We Couldn’t Survive Without It // Humor during the Holocaust

By Shira Leibowitz Schmidt

When I spoke to Dr. Chaya Ostrower of Tel Aviv, author of It Kept Us Alive: Humor in the Holocaust, she stated categorically that “this research should not be construed as laughing at the Holocaust. There is nothing funny about it. That would be vulgar and offensive.”

What she did discover while interviewing over 50 survivors is that humor sometimes helped them to cope with the pain, fear, hunger, beatings and degradation. It was a defense mechanism for survival.

Humor of Humiliation
One common strategy was to poke fun at the adversary. This type of humor—also known as humor of disparagement—nullifies the oppressor.

The Nazi Party was bent on going through with the program of Aryanization at a rapid pace, but the Nazi minister of economics, Dr. Hjalmar Schacht, pleaded caution. “The Jews are excellent businessmen, and the Reich still needs them,” he maintained. In order to prove his point, he took Hitler on a brief shopping tour.
They stopped at a store run by an Aryan and asked for a teacup for a left-handed person. The proprietor said that he didn’t have any. Hitler and Dr. Schacht went to another Aryan store and received the same reply.
The Führer and Dr. Schacht then entered a Jewish store and repeated their request. The Jew went to the back of the store and returned a few minutes later.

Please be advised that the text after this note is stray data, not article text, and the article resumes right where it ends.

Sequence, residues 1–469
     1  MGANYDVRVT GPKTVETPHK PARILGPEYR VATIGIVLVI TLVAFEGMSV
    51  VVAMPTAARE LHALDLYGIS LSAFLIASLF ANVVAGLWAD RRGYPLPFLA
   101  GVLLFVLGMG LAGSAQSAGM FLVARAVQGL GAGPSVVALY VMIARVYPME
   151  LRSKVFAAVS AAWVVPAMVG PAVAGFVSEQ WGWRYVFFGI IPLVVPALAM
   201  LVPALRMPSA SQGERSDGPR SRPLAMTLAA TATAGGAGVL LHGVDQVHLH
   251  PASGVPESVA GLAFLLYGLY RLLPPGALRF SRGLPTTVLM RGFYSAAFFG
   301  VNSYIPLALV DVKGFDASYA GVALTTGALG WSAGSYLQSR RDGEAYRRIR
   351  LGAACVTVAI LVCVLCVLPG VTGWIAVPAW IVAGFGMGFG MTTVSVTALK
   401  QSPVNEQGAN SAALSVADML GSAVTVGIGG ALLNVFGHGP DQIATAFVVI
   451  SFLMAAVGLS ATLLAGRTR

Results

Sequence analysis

“I have only one such cup left,” said the Jew, “and it will cost 50 percent more than an ordinary one.”

The two Nazis told the proprietor that they would return a little later. Upon emerging from the store, Dr. Schacht said, “What did I tell you? The Jew is a cleverer businessman than his Aryan competitor.”

“Cleverer, nothing,” bellowed the Führer. “The Jew was just lucky enough to have a cup for a left-handed person.”

While there is of course nothing humorous about the devastation wrought by Hitler and the Nazis, one of the ways Jews raised their spirits was to make fun of the Führer, as in the following joke:

Hitler related his ire to a confidant who felt that something should be done about a certain Jew, Robert Freimann, who was making jokes about him. In order to put a stop to this business, Hitler sent for him.

Hitler repeated a joke to Freimann, who admitted that he was the author. Hitler then repeated two other, even more biting jokes, and Freimann again took responsibility. The Führer became enraged. Rising from his seat, he shouted, “How dare you be so impudent? Don’t you know that I am the dictator of millions of Germans?”

“For this joke,” replied Freimann, “I am not responsible.”

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